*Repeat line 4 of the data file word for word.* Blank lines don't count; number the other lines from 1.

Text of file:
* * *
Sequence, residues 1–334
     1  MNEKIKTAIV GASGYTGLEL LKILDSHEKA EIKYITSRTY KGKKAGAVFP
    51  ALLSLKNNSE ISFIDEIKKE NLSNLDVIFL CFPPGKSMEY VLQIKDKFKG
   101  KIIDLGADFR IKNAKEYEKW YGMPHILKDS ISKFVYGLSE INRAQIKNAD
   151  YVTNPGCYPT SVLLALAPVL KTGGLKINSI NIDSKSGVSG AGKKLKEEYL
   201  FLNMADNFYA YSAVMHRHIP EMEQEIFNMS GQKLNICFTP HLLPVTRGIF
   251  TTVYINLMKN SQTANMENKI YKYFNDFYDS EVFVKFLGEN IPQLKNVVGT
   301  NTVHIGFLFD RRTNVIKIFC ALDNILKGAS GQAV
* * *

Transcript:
   101  KIIDLGADFR IKNAKEYEKW YGMPHILKDS ISKFVYGLSE INRAQIKNAD